Here comes a hard part of Lua… String matching. Very confusing for me, but I finally found how to do it from multiple Google searches.
The main thing I’ll be covering here is string.match. Depending on the string you supply, it can return multiple variables.
-- String to extract from Pattern to match
local a, b = string.match("blah some text blah 47 blah", "blah (.-) blah (d-) blah") -- Returns "some text", 47
The first string, to extract from, can be anything you want. The pattern is the complicated part. First is “blah”, as you can see in the first string, then
(.-). What’s this? It’s the first capture. You put parenthesis around something you want to be returned as a value.
. means a pattern. The
- means shortest match.
* means longest match. Say you had
blah text blah text blah. If you searched
blah (.-) blah, it would return
text. If it was
blah (.*) blah, it would return
text blah text. Since there are two spots where it contains some
blah, some text, and then
* matters. Since
- is shortest, the first time it finds an end to the pattern, it stops there.
* would keep on going until it finds a point where the pattern doesn’t match.
Since it’s looking for
blah (.-) blah, it finds
blah text blah, which matches.
text qualifies as
.-. Since it’s in parenthesis, it means it should be returned as a variable from string.match().
Then we have
d is a number, so it looks for a number. Again, it’s in parenthesis and should be returned as a variable. And again, it uses the
- suffix to mean the shortest match.
If you’re using a non-alphabet character, such as ( or ), you should put a % before it so the function knows you mean it as a character, not as a pattern to match. And if you want to say % as part of the string? Use %% instead.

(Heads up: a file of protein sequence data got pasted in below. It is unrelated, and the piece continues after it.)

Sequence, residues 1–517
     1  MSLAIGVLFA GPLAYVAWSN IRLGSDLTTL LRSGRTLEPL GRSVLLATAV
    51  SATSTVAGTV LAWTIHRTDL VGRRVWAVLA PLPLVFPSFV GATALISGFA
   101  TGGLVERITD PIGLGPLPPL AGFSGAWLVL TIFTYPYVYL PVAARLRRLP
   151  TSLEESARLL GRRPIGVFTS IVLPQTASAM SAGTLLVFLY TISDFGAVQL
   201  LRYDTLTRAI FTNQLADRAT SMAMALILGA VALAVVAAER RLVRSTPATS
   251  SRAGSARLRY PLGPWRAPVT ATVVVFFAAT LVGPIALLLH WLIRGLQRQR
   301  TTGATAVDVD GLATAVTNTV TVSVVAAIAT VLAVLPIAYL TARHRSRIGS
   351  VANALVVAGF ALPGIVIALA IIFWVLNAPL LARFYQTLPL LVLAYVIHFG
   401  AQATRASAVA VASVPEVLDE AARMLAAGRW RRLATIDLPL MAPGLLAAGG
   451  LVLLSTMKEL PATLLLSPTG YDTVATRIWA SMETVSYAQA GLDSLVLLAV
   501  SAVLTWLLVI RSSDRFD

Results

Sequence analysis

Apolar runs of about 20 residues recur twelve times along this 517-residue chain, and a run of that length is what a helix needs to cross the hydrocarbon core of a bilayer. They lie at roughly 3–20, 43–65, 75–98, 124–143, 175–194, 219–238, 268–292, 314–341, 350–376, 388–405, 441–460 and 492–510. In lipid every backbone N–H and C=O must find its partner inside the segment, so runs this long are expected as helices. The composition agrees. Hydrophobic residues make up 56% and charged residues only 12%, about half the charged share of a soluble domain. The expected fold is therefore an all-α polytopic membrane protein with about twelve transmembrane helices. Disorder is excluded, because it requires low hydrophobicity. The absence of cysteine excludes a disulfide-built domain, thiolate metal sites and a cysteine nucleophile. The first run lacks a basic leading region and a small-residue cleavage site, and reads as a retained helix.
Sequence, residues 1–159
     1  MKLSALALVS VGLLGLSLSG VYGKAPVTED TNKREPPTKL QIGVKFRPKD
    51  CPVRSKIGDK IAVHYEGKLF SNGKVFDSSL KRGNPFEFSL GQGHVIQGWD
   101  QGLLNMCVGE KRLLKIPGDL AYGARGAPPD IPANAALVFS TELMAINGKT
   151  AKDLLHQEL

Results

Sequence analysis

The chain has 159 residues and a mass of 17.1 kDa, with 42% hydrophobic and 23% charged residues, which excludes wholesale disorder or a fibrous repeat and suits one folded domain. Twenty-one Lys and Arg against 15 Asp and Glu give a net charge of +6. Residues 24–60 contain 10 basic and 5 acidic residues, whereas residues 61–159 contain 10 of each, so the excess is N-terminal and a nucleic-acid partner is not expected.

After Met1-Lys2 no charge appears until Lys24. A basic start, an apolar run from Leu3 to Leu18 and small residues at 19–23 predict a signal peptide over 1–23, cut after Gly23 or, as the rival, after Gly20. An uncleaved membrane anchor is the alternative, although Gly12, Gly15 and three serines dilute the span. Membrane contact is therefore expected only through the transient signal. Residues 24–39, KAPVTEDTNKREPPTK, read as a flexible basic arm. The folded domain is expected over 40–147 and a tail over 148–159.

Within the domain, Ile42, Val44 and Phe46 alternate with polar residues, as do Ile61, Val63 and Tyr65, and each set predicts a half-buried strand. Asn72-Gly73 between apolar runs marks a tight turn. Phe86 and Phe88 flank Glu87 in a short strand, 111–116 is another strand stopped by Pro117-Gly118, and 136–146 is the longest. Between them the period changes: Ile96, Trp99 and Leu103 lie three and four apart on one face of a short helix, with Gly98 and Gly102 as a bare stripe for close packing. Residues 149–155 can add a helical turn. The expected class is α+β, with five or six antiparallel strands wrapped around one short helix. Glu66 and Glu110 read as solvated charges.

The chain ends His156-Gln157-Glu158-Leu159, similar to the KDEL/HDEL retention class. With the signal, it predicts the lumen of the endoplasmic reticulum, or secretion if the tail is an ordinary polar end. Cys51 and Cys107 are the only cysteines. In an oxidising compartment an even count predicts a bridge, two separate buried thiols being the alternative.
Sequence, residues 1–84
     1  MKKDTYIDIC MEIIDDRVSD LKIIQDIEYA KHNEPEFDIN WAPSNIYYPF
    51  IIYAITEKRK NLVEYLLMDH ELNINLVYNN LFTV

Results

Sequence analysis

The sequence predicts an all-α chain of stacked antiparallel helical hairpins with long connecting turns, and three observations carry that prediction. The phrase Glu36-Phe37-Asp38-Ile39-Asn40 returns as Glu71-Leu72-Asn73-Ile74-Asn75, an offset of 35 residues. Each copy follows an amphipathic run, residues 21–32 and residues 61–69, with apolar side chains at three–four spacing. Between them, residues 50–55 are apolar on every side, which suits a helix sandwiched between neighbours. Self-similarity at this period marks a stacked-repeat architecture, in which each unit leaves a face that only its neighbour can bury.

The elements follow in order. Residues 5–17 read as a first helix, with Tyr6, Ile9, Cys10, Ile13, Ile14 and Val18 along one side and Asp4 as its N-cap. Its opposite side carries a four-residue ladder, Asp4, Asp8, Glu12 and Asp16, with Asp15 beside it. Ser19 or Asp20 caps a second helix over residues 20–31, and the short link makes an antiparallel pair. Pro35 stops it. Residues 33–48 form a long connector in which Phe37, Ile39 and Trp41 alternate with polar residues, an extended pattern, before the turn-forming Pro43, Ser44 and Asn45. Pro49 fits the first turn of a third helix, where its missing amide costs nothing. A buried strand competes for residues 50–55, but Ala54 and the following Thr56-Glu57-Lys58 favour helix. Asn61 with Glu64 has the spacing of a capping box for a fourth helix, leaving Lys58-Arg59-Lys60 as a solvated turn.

If you use % on an alphabetical character, it works kind of like a pattern match, but doesn’t return a variable. Like, in the string pattern to match (the second argument of string.match), if you used
%d- it would mean “any number can be in the place of %d-, I’m not sure which, any is fine, just only replace it with a number, and don’t return it as a variable.”
Once you have all that down, it’s pretty much the same, except for the different kinds of captures you can use instead of
d. As far as I know:
. is all characters
d is a decimal digit
s is a space character (" ", not sure what else)
x is a hexidecimal digit (hex color)
u is an uppercase letter
a is any letters
c is control characters (???)
l is a lowercase letter
w is an alphanumeric character (???)
z is a character with a "representation of zero" (???)
f - unsure, called a "frontier" pattern, more info here: http://lua-users.org/wiki/FrontierPattern
bxy - unsure, something about parenthesis, I think
More info I’ve found:
Also, there’s string.gmatch, which is close to string.match, but is an iterator:
for (variables) in string.gmatch(stringtosearch, patterntomatch) do
It just goes through the string to search like string.match, but won’t stop the first time, just keep going through the string until it finds the end, each time it matches the pattern calling the code in the for loop with the variables you asked it to return.
Sorry about the massive post, this is a massive topic…